Tracing the regional origin of everything from milk to invasive bugs is now possible thanks to a University of Otago project.
A strontium isotope map developed by PhD Candidate Robyn Kramer, and colleagues, means biological material can be pinpointed to distinct geographical regions in Aotearoa.
Kramer’s doctoral research collected hundreds of plant and soil samples from across the country to create the first strontium isotope map. Strontium and its isotopes are naturally occurring elements present in food and water resources.
While such maps, or isocapes, have been developed elsewhere in the world, this is the first for Aotearoa New Zealand.
The use of the map means researchers and scientists can better predict where unknown materials originated, she says.
“When people and animals consume these food and water resources, their biological tissues such as hair, teeth, nails and bones incorporate and carry a unique signal that can be analysed and traced back to the geographic regions where those resources were grown and obtained.
“Because of this traceability, we can use strontium isotopes to predict region-of-origin for unknown materials and figure out where they may have come from.”
Until now, Aotearoa New Zealand has not had a strontium isoscape. Without the isoscape, predicting region-of-origin using chemical techniques relies on comparing trace elements of unknown samples to known samples.
“This is very similar to DNA. Your results are only as good as the database of material you can compare your sample against. For geographic region-of-origin predictions, this means if you do not have an actual sample of material from every possible location in Aotearoa NZ to compare your unknown sample to, you will not be sure where it originated from,” Kramer says.
“The isoscape uses machine learning to fill in the gaps using what we know about environmental variables and existing geo-referenced strontium isotope values from plant, animal, and soil samples.”
The model could benefit many industries and research, and is already being used by the Bio-Protection Research Centre to help identify whether invasive pests recovered at ports of entry represent established New Zealand populations or are recent invaders.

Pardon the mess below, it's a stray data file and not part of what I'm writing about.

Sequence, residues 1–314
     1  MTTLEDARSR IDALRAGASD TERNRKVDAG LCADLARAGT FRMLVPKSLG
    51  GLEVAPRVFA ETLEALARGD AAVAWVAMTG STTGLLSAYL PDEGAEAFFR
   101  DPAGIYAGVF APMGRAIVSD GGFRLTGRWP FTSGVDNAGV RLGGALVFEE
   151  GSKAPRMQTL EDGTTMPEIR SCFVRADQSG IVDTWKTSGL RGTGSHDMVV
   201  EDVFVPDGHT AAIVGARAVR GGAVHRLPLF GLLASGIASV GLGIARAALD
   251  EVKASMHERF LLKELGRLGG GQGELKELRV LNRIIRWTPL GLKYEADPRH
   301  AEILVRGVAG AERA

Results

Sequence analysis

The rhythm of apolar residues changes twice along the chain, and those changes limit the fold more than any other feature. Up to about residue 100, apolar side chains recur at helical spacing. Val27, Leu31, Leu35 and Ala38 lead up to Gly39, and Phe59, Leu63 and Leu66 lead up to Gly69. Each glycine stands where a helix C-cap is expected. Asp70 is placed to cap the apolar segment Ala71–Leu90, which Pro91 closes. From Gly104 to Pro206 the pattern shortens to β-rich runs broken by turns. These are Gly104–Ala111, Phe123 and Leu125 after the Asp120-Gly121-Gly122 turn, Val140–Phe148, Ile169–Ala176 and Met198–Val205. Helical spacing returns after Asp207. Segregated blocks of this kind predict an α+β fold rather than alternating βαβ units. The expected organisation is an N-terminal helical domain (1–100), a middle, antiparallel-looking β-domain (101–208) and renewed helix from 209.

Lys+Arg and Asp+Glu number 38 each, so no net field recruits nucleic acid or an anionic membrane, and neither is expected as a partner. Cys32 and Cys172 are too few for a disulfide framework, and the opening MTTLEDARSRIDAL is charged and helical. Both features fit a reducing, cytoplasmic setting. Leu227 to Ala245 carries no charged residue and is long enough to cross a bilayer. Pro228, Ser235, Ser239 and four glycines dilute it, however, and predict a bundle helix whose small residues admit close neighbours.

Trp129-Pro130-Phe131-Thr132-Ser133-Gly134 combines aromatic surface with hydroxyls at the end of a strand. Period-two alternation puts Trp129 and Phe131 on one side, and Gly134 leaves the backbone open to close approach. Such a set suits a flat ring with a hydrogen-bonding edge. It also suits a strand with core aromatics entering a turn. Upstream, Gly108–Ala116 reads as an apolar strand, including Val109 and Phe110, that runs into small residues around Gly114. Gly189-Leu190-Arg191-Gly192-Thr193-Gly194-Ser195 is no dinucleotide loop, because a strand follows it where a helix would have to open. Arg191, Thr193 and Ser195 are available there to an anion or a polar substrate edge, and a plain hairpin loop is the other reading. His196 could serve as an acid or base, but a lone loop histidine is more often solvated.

“Future research will be able to use the strontium isoscape in forensic, conservation, geologic or archaeological focused research. I am currently coordinating with a … student who wants to use the strontium isotope isoscape to predict region-of-origin for the invasive wallabies in Aotearoa New Zealand to assist efforts to track and control the troublesome invaders,” she says.
“Companies may use the model to help their region-of-origin predictions for fraudulent products on the market. In that case, the company would benefit from being able to identify who, or at least where, fraudulent forms of their products are coming from and that can help them move forward with getting those products off the market and reduce the loss of sales going towards counterfeited products.”
Kramer, however, would most like to see the strontium isoscape used for conservation-related research.
“I think it would be very cool to collect fallen or shed feathers from Aotearoa’s unique birds and run them in the model to identify where their foraging ranges are to help conserve and protect those areas. This would avoid the need to capture and tag the birds with expensive GPS technology that may fall off.”
Kramer is no stranger to this type of research; when she was undertaking previous research in the United States, she used a similar model for Central America and Mexico to predict the region-of-origin for unidentified deceased Latin American migrants to help expedite the identification and repatriation process.
“In this instance, the use of the strontium isotope isoscape can greatly shorten the amount of time a family may be left grieving for their lost loved one.
“I am excited to see the innovative ways future research utilises this new Aotearoa New Zealand strontium isotope isoscape.”
Method of Research
A bioavailable strontium (87Sr/86Sr) isoscape for Aotearoa New Zealand: Implications for food forensics and biosecurity
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